Out of the Black Land
Poisoned Pen Press, February 2013
Also available in trade paperback
Ancient Egypt; the land of power, luxury and intrigue. Soon-to-be Princess Mutnodjme rallies against expectations and forges her own path no thanks to her manipulating mother. Ptah-hotep finds himself thrust suddenly into a position of power that threatens his life and the lives of those he loves. Together, they must traverse the dangers of Egyptian life when the new, mad King plunges Egypt into despair. Will they survive in a world where anyone can be an enemy?
Out of the Black Land was a book that initially made me apprehensive when I saw three pages of characters listed in Egyptian names that I was convinced I’d forget instantly. But the story itself is absorbing, full of mystery, intrigue and more back stabbing than a good old episode of Dallas. From the crazy Prince to the slightly shallow, but beautiful Nefertiti, this book is full of interesting and well-rounded characters. Told from two points of view, namely that of Mutnodjme and Ptah-hotep, the story criss-crosses between the two as their lives run parallel and then over each other, bringing them together in a desperate effort to return Egypt to stability.
I loved the fact that female characters in the book had a lot of power and freedom compared to most girls today. They had rights to land, power and marriage settlements and what’s more, they were listened to and afforded the respect of men and women, regardless of their age and position. In many ways, it seemed to be a society that was more accepting and tolerant than some you see today. Marriage was made more for political reasons than love and yet both partners were free to be in relationships with others without recrimination. Homosexuality was tolerated without prejudice or fear and the older generation were given much more respect than I’ve seen lately. So, in many ways, this book is very interesting because of how advanced the Egyptians were so many years ago compared to our own technologically advanced society. People had more value then compared to nowadays and yet the same forces drove them; money, position and health.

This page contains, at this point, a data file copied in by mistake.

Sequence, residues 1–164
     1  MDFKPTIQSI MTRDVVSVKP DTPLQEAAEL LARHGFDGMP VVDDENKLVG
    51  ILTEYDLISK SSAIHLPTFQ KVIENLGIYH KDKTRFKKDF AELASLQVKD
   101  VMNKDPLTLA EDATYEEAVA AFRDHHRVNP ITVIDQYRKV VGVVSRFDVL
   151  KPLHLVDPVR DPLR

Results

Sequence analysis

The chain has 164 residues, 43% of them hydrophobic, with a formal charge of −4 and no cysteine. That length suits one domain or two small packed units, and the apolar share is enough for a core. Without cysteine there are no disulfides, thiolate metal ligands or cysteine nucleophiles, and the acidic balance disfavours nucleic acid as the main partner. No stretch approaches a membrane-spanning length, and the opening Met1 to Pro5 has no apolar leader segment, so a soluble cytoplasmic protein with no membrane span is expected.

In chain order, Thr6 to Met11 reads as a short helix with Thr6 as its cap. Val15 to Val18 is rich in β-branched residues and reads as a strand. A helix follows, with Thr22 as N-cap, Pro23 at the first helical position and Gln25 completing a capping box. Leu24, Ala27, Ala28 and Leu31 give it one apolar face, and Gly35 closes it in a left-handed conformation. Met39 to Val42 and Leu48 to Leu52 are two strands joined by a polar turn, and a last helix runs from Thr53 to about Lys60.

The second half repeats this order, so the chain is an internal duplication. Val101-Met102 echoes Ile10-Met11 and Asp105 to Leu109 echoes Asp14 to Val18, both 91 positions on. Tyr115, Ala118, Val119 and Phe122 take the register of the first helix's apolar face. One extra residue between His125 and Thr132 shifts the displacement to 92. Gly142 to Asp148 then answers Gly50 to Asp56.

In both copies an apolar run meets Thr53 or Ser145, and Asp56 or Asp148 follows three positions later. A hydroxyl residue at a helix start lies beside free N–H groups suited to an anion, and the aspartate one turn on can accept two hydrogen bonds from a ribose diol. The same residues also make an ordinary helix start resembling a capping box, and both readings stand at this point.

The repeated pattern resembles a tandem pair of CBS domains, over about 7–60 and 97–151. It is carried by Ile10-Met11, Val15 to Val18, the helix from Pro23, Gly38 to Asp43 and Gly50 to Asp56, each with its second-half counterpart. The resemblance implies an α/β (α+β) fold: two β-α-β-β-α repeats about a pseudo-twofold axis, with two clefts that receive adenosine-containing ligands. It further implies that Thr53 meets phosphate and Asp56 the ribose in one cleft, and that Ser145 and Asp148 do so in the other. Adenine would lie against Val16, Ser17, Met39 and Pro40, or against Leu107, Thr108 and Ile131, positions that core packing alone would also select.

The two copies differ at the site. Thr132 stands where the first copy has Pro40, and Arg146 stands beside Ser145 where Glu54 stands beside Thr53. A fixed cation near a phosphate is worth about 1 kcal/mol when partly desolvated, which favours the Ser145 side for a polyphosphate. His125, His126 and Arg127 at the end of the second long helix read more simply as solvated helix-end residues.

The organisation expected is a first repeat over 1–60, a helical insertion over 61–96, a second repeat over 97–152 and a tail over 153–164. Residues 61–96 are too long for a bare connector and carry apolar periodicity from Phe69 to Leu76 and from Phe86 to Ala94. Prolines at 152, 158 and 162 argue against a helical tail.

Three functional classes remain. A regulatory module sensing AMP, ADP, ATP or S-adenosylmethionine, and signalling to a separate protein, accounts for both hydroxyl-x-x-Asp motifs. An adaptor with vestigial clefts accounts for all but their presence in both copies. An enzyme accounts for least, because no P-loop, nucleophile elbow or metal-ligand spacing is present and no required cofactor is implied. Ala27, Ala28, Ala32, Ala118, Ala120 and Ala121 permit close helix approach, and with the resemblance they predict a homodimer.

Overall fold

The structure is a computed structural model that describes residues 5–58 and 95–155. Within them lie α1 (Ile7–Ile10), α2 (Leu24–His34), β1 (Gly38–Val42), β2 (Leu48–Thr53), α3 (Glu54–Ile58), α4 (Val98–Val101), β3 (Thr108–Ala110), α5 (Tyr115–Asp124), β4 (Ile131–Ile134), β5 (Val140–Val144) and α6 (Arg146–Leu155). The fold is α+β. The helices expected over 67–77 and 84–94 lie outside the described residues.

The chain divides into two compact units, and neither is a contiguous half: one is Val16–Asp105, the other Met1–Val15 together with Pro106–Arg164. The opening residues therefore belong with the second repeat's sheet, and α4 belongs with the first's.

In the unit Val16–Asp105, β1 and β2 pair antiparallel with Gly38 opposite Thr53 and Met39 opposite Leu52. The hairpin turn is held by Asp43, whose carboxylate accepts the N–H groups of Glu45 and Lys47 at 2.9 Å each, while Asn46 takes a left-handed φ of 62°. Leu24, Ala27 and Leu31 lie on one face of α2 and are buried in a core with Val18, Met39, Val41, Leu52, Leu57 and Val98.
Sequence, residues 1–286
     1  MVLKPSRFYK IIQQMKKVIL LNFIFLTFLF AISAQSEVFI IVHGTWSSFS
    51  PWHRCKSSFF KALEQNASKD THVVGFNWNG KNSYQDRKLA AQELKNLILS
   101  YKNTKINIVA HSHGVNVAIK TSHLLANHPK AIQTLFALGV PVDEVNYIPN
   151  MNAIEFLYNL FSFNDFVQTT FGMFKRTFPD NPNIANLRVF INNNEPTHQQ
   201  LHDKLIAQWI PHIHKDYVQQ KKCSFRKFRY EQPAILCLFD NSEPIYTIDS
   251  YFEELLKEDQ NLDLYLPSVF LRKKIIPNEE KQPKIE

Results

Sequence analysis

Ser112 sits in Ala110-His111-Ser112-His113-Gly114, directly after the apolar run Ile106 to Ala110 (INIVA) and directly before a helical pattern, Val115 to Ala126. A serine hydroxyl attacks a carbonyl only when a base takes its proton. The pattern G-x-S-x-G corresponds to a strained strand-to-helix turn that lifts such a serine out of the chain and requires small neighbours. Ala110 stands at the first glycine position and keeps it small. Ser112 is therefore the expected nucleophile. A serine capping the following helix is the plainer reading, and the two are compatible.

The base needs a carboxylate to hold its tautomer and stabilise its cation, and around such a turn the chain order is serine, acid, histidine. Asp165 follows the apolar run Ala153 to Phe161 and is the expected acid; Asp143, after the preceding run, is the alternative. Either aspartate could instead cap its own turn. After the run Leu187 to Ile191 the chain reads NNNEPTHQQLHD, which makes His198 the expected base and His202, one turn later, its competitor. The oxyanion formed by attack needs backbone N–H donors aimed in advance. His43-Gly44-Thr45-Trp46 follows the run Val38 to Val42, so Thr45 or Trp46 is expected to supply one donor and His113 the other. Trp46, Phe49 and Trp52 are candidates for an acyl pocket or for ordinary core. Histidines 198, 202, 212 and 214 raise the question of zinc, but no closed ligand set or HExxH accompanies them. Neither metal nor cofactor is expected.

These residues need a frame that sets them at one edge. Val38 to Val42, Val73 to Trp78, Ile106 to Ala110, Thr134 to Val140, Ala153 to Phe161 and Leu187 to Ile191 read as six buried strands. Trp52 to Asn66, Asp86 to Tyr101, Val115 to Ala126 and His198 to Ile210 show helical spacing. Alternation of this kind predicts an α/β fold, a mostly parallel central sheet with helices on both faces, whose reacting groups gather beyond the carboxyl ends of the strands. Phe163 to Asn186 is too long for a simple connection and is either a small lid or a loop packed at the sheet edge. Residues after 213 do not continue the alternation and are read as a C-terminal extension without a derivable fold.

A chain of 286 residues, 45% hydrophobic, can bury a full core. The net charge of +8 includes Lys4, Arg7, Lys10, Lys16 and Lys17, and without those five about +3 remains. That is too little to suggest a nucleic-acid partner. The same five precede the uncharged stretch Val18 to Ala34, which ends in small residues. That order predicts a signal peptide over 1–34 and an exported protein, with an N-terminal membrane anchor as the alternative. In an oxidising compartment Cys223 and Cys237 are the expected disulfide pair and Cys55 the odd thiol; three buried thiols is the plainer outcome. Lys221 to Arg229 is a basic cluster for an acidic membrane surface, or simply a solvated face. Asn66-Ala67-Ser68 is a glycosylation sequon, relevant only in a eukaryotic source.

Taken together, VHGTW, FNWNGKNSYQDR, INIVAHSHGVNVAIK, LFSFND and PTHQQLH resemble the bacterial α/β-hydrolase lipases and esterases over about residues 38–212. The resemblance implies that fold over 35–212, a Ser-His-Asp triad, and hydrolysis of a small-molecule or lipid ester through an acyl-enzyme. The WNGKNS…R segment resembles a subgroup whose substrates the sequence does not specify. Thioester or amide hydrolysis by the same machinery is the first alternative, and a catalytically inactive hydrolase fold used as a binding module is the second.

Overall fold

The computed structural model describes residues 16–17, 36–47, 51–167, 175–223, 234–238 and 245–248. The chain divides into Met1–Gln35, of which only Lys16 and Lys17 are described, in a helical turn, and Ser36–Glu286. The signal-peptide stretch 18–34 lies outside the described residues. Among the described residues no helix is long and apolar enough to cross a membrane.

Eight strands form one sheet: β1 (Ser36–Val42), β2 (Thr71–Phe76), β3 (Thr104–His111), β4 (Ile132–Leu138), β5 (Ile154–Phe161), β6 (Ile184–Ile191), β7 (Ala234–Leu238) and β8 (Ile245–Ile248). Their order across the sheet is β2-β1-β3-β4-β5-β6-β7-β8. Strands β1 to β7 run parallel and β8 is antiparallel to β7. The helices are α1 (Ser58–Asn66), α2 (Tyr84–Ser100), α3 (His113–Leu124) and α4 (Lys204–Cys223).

This title does give a very interesting insight into the lives of the ancient Egyptians but it would be much more suitable for a slightly older age group rather than younger readers. This is mainly due to the frequent sexual scenes within the book that are probably not far off the mark historically but may be unsuitable for younger readers. Let’s just say those Egyptians sure got around. But, sex scenes aside, this is basically just a really good book with a tight plot, full of interesting characters that are both believable and dynamic. I would certainly recommend it to older readers aged 17+.
Reviewed by Laura McLaughlin, May 2013.